Cats are among mammals that can glow in the dark
A groundbreaking study has revealed that the ability to glow under ultraviolet light is surprisingly widespread in mammals, including house cats.
Researchers at the Western Australian Museum analysed specimens from 125 different species and found that a majority exhibited fluorescence, a phenomenon where materials re-emit light at a different wavelength.
The study, published in Royal Society Open Science, documented fluorescent fur in species including the domestic cat.
“We didn’t know that so many mammals had glowing skin or glowing fur,” lead author and curator of mammalogy at the Western Australian Museum Dr. Kenny Travouillon told the Guardian.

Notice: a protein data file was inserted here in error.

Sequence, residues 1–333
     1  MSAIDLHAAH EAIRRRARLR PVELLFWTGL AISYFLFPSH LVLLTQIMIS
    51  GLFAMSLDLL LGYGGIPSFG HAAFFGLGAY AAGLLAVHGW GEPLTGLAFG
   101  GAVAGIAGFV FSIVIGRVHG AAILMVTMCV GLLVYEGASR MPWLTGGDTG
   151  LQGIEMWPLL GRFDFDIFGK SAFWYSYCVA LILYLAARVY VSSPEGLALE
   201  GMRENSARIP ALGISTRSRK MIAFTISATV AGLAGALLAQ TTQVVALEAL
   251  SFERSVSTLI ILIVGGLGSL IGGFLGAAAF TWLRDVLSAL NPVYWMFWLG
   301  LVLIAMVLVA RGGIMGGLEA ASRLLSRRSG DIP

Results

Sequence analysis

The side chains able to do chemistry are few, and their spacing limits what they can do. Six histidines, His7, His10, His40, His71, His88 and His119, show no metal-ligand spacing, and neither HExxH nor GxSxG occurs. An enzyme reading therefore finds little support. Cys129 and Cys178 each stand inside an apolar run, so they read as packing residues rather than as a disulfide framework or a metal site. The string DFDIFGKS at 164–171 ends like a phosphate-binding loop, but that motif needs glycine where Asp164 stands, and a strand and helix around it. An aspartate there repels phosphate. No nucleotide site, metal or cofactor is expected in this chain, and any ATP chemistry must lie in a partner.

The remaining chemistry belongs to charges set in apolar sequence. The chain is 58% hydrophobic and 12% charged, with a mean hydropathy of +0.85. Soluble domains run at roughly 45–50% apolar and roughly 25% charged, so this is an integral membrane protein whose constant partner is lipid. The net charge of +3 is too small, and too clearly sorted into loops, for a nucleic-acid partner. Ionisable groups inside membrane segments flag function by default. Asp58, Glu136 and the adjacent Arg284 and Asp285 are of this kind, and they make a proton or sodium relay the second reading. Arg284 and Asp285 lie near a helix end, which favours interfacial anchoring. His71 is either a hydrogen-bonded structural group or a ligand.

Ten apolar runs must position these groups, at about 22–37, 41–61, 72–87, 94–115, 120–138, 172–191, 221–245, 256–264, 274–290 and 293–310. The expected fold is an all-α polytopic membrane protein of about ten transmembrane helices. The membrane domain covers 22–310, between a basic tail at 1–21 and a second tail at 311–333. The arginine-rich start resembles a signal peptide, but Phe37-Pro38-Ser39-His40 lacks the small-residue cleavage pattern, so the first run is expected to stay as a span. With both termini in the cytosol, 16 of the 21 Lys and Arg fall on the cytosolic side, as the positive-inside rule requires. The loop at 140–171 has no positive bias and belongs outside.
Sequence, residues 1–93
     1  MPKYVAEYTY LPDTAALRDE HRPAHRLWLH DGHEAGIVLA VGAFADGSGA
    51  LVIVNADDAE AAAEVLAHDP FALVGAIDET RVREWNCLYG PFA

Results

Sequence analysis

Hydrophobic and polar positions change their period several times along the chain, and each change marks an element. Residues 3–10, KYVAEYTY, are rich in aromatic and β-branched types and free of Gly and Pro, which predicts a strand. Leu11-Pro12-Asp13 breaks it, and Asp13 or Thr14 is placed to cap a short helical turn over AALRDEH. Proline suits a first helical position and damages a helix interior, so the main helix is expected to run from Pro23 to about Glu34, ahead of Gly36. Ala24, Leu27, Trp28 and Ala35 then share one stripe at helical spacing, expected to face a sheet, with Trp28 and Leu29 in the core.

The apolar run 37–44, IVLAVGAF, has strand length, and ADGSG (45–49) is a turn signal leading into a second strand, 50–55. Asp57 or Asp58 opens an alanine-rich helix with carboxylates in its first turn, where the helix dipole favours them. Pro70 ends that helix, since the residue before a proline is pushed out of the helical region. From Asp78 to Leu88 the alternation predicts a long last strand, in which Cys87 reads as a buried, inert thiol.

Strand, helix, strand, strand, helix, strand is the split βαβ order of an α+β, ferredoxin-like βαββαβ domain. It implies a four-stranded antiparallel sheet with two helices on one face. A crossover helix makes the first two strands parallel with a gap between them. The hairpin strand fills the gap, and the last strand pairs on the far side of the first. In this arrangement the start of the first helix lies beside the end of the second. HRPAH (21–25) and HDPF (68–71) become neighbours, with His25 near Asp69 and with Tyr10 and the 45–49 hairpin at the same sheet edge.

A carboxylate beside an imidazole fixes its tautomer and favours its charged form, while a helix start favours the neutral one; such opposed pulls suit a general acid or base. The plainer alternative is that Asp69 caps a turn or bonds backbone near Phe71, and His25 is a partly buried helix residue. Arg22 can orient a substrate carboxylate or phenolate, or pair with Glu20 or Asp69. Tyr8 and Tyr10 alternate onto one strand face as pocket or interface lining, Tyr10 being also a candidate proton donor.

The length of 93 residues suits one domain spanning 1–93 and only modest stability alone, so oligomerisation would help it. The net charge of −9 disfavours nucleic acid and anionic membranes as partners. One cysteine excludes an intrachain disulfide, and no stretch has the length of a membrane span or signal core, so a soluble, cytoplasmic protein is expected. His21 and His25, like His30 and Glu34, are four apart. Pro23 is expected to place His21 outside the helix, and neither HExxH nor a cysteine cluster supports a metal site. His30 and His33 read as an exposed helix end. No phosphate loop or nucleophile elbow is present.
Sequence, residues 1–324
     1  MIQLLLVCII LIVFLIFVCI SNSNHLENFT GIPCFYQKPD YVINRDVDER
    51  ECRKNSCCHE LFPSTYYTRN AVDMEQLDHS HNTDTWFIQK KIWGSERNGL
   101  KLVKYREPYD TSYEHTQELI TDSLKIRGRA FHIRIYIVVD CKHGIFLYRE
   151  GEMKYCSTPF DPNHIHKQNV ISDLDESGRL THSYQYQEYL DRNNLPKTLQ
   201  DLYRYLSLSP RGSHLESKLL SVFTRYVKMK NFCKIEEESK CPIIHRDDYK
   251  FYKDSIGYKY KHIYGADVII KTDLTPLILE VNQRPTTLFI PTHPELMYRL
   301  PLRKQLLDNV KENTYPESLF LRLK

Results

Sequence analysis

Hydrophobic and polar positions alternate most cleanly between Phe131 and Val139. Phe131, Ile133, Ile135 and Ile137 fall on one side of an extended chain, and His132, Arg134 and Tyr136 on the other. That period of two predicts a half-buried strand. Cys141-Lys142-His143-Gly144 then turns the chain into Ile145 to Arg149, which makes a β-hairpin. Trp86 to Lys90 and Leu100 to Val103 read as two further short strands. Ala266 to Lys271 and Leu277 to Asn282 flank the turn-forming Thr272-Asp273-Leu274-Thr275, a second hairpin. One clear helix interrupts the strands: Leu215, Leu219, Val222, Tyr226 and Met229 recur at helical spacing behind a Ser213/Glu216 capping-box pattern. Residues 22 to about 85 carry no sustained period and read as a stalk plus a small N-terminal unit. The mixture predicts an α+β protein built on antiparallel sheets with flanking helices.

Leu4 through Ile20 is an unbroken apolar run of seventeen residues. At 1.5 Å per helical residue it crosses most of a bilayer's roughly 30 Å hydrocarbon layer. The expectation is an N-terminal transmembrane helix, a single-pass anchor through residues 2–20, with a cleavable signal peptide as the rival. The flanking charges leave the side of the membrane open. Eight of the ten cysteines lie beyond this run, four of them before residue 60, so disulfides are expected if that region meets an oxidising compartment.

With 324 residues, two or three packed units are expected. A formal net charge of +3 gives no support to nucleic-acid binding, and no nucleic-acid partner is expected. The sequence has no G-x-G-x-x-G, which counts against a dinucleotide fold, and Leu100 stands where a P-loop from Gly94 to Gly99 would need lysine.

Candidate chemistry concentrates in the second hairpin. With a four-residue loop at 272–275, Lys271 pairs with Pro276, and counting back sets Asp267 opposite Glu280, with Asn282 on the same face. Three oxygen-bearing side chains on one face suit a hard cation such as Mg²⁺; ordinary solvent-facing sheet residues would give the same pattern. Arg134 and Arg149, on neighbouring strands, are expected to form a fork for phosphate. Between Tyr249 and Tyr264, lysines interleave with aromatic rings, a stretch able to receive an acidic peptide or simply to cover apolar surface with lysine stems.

While the purpose of the glow remains unclear, scientists speculate it may be used for visual signalling or species recognition, especially in nocturnal animals.
However, for some species like the southern marsupial mole, the fluorescence could simply be an inadvertent effect of translucent fur.
The museum study analysed preserved and frozen specimens under ultraviolet light, with the latter also exhibiting the glow, albeit at lower intensities. The findings build on prior research on luminescence in monotremes and marsupials.
“A lot of people might want to get a UV light and try it on their pets,” Travouillon said. “Just one word of caution – they shouldn’t put the UV light in the eyes of their pets, because that does damage the eyes.”